2. Input Determines Output
The profound impact of this principle can’t be fully understood until it’s been experienced! What does it mean?

Input refers to whatever we put into our mind, body, soul, etc. Whether it’s our thoughts, habits, food, the books we read, or the t.v. we watch – everything we think, do, say, feel, eat, etc.

Output refers to the results, consequences and circumstances that are created in our life as a direct outcome of the input that’s going in.

If each of us could fully comprehend this one principle, it would change everything about our lives!

We found that an increase in the amount of positive input in our lives (by reading great books, listening to inspiring audio programs, etc.) resulted in an expanded output: increased energy and motivation, bigger dreams and ideas, and an enlarged capacity for achievement. In essence, our lives drastically changed.

We became more patient with our children, had better ideas on how to mentor them, and noticed improved relationships. We also felt better about ourselves and were able to accomplish more. We were amazed how the ‘magic little pill’ of input helped us accomplish more in our lives.

3. Eliminate & Simplify

There is just not enough time and energy to do everything we would like to do. We have to choose. To make a deliberate choice, you have to know exactly what it is that you want. What do you want to do with your time? What education do you want your children to have? What family culture do you want to create? What legacy do you want to leave? Would you like to spend more time with your kids? Take a class to develop one of your talents? Study information on motherhood?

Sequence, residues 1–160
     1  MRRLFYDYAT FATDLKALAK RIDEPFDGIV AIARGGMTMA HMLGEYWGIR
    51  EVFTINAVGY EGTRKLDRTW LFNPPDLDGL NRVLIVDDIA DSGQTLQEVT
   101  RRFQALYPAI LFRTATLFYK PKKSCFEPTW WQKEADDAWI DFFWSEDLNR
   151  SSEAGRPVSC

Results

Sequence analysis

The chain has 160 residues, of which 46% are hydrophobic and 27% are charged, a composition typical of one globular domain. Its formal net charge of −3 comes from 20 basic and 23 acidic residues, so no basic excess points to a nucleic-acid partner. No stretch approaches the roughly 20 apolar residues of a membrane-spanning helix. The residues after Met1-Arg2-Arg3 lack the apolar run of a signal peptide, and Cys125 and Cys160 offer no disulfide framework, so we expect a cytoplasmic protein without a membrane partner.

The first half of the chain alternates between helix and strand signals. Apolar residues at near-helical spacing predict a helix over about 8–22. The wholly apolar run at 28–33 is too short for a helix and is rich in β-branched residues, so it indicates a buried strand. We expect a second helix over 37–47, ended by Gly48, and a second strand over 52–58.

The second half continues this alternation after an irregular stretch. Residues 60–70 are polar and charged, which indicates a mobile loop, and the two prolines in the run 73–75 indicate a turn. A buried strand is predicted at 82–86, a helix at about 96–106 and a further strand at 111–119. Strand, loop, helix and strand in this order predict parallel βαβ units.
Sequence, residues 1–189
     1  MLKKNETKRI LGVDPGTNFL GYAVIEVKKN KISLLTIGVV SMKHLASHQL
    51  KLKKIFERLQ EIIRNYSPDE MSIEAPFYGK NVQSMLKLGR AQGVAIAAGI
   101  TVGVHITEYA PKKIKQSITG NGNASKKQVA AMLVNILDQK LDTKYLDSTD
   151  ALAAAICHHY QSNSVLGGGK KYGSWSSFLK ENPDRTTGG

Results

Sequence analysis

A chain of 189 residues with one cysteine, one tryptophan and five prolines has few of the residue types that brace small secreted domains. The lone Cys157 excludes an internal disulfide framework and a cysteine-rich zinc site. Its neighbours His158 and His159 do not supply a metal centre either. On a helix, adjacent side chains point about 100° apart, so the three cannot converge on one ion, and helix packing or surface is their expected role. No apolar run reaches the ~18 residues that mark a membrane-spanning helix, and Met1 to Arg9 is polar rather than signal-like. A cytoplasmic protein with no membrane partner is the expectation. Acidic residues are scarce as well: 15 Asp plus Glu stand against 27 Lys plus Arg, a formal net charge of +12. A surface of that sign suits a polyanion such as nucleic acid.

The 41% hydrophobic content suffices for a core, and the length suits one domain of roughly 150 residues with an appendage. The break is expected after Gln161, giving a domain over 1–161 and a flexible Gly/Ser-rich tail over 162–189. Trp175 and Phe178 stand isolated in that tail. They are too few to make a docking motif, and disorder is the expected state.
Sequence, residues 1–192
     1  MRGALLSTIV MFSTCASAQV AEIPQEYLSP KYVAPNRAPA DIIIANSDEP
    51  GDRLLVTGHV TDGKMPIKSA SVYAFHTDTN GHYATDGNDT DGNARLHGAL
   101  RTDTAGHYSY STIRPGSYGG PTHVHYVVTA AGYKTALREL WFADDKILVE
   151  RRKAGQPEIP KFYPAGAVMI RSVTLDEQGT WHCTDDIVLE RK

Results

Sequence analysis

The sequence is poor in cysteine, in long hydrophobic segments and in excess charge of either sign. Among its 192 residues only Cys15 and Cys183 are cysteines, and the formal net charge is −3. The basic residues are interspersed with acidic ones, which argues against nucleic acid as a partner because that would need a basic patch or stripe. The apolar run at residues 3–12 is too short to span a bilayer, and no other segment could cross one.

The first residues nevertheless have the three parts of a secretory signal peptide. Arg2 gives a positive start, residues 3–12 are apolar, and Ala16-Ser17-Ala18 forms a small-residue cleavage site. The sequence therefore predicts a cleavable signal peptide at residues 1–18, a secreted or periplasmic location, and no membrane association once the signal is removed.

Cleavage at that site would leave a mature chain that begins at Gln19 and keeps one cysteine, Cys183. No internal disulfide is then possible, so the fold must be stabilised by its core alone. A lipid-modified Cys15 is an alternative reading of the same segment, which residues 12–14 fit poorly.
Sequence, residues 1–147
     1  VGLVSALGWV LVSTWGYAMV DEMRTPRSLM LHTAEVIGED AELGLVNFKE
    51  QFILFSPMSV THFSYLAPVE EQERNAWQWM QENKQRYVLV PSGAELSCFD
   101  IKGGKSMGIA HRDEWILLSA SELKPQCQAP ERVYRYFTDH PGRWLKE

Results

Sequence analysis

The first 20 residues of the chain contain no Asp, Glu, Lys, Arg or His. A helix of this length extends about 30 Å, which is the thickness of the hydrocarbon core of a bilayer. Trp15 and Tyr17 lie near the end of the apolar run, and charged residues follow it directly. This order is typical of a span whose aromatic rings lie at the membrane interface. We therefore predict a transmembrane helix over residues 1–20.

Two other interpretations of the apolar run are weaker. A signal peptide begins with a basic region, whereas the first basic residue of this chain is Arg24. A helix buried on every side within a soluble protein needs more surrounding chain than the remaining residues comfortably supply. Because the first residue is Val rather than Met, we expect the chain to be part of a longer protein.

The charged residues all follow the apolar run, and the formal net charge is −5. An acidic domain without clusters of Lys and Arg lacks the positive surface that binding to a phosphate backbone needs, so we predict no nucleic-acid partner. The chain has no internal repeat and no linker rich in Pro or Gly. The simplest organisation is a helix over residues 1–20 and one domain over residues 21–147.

Once you know the answers (and it may take some time to discover them), the next critical step is to eliminate everything in your life that distracts from those objectives.

Simplify your life in every way possible – eliminate clutter, time constraints, obligations, commitments, possessions – you name it. This might mean saying “no” to doing that small favor for your friend, or serving on one more committee, or attending that home party out of a sense of obligation.
The goal is to get down to a laser focus of time, energy and resources on those things that really matter most to you. This can only happen when all other distractions are eliminated.